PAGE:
from attempting to acquire new dependencies and foment difficulties for the West, especially insofar as they find that they need access to Western technology in order to keep pace, both in military and in civil terms.
In this international perspective, SDI can be regarded as merely another facet of the "Reagan doctrine"—that is, of a plan to take the offensive in the competition with the Soviets and to counter their efforts to intimidate the West. The Soviets fear SDI, according to this reasoning, because they know the West can make it work and that it will degrade their efforts to achieve offensive superiority. To cope with it, they will be compelled to increase expenditures on countermeasures and defenses of their own which could put an unbearable strain on their economy. SDI, moreover, can be seen as a pragmatic response to the Soviet effort to seize the high ground of space and to develop advanced weapons. It is an effort both to steal a march on the Soviets and to make sure they do not do the same to the West.
This political rationale greatly appeals to hard-core conservatives and to a broader public attuned to the same sentiments. Adherence to the SDI has thus become a litmus test of personal loyalty not only to the president but also to his legacy. Aspirants to the Reagan mantle, like Jack Kemp and Dan Quayle, have pledged to maintain SDI as a token of their commitment to the conservative agenda, along with tax reduction and militant anticommunism. The president's acute sense for U.S. public opinion also led him to see SDI's broader appeal. To those concerned about the prospect of nuclear attack but opposed to political accommodation with the U.S.S.R., it provided hope for protection. This hope, moreover, entailed the development of nonnuclear systems in the main and therefore was not vulnerable to the usual objection that increasing U.S. military strength would only escalate the arms race. SDI thus responded to a widespread longing for a mitigation of the nuclear threat without requiring any progress in arms control or trust in the Soviets. Instead, it required only traditional American beliefs: self-confidence in the U.S. economy and in the country's capacities for technological achievement.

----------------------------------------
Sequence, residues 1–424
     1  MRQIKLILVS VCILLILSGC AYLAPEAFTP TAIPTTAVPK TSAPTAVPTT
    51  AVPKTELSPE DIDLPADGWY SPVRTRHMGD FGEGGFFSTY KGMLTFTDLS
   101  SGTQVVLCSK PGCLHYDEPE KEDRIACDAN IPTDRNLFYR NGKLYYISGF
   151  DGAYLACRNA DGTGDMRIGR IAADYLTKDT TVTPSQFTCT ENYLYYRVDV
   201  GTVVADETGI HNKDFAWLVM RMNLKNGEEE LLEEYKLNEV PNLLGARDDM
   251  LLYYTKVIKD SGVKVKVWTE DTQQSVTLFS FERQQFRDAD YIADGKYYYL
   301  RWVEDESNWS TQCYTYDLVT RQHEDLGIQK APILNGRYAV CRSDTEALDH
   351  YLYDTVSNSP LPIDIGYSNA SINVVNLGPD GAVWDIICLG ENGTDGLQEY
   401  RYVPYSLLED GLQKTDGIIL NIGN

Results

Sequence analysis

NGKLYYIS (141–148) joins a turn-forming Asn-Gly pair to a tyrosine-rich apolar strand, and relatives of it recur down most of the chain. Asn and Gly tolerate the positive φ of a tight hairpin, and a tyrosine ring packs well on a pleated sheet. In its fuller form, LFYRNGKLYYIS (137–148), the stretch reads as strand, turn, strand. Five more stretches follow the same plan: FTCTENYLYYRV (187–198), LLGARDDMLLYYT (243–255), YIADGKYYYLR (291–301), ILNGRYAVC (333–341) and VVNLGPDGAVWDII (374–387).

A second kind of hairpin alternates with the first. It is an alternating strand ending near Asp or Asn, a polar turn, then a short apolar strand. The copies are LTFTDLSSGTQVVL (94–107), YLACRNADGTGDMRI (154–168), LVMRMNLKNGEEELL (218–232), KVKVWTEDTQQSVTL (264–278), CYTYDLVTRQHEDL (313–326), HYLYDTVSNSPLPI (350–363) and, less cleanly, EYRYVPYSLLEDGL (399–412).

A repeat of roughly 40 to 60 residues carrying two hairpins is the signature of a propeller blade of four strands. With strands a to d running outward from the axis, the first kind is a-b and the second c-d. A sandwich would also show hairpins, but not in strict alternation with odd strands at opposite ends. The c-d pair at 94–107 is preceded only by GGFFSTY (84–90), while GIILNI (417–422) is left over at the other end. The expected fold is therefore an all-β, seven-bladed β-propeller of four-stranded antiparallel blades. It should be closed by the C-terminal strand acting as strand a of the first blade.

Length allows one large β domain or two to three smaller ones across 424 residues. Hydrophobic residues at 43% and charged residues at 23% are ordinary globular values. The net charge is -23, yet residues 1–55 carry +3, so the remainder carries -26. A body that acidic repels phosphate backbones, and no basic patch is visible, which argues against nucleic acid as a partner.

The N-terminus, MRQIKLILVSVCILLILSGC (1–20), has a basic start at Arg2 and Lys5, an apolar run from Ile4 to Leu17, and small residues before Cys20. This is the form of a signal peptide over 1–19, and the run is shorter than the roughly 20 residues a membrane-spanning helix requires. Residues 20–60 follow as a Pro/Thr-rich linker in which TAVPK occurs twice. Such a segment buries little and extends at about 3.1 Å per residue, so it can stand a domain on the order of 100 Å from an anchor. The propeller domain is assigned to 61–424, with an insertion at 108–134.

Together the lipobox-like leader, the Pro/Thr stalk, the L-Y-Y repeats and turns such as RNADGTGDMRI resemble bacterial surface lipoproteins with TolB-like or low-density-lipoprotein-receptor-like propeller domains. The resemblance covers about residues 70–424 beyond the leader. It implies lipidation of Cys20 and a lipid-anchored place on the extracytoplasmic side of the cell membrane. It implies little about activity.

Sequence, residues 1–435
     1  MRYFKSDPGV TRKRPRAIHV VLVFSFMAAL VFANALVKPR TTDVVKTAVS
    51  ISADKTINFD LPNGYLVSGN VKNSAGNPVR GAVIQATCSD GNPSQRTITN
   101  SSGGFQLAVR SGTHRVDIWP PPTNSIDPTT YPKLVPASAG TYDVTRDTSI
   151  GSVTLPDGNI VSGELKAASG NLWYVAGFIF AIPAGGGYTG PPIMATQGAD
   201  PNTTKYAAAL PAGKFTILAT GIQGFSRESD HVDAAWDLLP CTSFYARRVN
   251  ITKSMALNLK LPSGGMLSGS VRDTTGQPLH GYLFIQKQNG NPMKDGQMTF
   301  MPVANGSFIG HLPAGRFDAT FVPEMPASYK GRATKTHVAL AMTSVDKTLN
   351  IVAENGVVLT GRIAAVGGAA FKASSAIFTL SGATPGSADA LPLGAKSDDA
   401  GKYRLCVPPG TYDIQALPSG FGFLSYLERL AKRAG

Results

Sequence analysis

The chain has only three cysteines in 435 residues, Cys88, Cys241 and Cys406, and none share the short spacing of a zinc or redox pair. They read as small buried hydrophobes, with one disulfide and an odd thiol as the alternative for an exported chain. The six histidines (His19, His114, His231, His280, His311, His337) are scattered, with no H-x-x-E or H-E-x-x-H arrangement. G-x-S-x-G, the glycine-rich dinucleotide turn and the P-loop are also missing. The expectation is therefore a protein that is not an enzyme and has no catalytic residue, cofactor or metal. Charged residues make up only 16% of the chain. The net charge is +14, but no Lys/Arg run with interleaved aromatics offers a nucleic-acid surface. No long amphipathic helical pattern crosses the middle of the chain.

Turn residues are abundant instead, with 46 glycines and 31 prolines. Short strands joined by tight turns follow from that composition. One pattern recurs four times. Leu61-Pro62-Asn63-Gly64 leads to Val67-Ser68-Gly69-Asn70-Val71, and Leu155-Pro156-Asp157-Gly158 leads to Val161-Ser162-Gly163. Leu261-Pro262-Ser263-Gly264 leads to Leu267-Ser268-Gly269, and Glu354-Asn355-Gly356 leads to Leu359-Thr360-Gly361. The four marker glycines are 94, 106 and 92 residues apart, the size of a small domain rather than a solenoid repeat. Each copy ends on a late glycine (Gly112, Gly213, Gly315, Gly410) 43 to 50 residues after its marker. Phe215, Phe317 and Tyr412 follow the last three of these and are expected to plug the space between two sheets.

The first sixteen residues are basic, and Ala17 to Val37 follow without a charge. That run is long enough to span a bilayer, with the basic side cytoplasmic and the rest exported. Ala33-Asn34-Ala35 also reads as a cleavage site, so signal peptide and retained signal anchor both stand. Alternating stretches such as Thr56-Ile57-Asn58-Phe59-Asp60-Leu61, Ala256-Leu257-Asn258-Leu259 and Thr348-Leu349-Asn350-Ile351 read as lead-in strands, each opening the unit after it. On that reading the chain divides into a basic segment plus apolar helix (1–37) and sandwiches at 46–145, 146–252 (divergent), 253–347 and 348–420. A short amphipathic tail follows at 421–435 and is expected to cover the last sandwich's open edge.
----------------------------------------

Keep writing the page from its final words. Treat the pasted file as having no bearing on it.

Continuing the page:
Although liberals claimed it would unleash a new, no-holds-barred phase of the arms race, most Americans reacted favorably to the project, even though they also favored arms-control agreements. SDI carried a particular appeal for young people because of their absorption in the romance of science-fiction-style space adventure. Even though critics warned that SDI would unleash a new, unrestrained chapter in the
arms race, everywhere—even in Europe, where leaders openly expressed skepticism about its feasibility—SDI generated public enthusiasm precisely because it seemed to respond to a deep fear (ironically, one that had been reinforced by disarmament campaigns) by offering a hope that did not seem unduly provocative or warlike. A nonnuclear shield seemed a good deal less threatening than a Damoclean sword composed of fifty thousand nuclear weapons. By promising to share the technology with the Soviets and emphasizing his intention to achieve a defense for all humankind and not U.S. military advantage, Reagan couched SDI in terms that gave it a very broad appeal. In the case of SDI, as Garry Wills has observed, "others have the arguments, but Reagan has the audience."